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Designing with Antiques and Recyclables in the Gardens

29 Feb

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Here in Greensboro, NC we have many antique shops, thrift stores and salvage yards to satisfy our hunger for eclectic art to be placed within our gardens. Let your imagination run wild.

Have you ever thought about incorporating flea market finds and antique treasures into your garden? If you have a unique and eclectic design style, your home is most likely already filled with artifacts and treasures that at one time spoke to you and said, “Please take me home”. When making these purchases try to think of how they will function in your garden. Can you utilize the piece as a fountain head, focal point, or part of a garden wall or roof? Here are some suggestions on how to artfully incorporate your finds within your garden.

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Incorporate your treasures with flowering plants, evergreens, brick and even wood to increase the authenticity of the entire landscape and avoid a disjointed cluttered look. If antique items are the focal point of your garden, other elements can be used to complement them. Typically, antiques placed and used indoors do not stand by themselves, but are often adorned with natural elements like moss or dried flower arrangements.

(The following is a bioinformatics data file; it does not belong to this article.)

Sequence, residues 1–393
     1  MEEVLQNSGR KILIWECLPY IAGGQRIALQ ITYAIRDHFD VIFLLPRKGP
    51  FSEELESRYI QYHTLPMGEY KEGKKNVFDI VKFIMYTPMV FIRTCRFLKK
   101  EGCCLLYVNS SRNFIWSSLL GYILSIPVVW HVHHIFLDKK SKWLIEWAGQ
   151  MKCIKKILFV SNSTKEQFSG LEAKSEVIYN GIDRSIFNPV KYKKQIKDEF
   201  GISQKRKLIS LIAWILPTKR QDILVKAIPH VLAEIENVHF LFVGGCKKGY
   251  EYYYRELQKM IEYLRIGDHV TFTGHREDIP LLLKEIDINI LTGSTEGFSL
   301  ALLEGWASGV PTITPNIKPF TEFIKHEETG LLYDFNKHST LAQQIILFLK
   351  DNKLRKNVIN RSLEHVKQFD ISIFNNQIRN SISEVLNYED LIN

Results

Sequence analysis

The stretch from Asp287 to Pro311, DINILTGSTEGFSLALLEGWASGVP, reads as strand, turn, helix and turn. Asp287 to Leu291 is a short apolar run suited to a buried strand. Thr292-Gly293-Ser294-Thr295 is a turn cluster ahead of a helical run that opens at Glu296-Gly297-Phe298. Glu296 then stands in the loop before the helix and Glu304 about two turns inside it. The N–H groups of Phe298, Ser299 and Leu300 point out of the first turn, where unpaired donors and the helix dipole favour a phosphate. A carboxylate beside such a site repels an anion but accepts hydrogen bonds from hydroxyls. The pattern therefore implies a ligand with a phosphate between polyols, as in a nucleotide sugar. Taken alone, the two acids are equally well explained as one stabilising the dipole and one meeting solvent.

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The objective of using antiques is for your visitors to be in awe of your garden because of your creativity and cleverness in turning various items into an entire landscape composition. You can take different purchased antiques and create a unified design while incorporating plants and other materials which represents your garden as a whole. There should always be an element that harmonizes the entire room. Unifying elements in your home are your paint color, the moss strategically placed around several of your accessories, or the copper hardware throughout the room.

In your garden elements can be the rust color brick, the cappuccino stain of your woodwork, or simply the use of pine needle mulch throughout your garden. Try to repeat and/or continue some of your special elements, creating a harmonious landscape. You could plant the same type of annuals in close proximity to your treasures.

Two popular design styles we will discuss are “Old World Charm” and “Shabby Chic”.

Using the same principals as interior design, you can create these looks for you exterior landscape.

Some ideas for creating the Shabby Chic garden are:

      • Use antique door knobs as finials on fence posts, pergolas, or as a water hose guide

      • Find patterned dinner plates with chips and cracks at yard sales or thrift stores and break into large pieces and reassemble them into mortar to create stepping stones

      • Use smaller dinner plate pieces to create a mosaic on tabletops, clay pots or even an outdoor fireplace

      • Use a whiskey barrel as a tabletop base, to store a water hose or even a seat with custom cushions

      • The barrel can also be used as a self-contained fountain by placing a pump in the center, or to use as a planter and drill holes in the sides for your cascading plants

      • Take a vintage tea cart, wheel barrel or wagon and place colorful annuals in them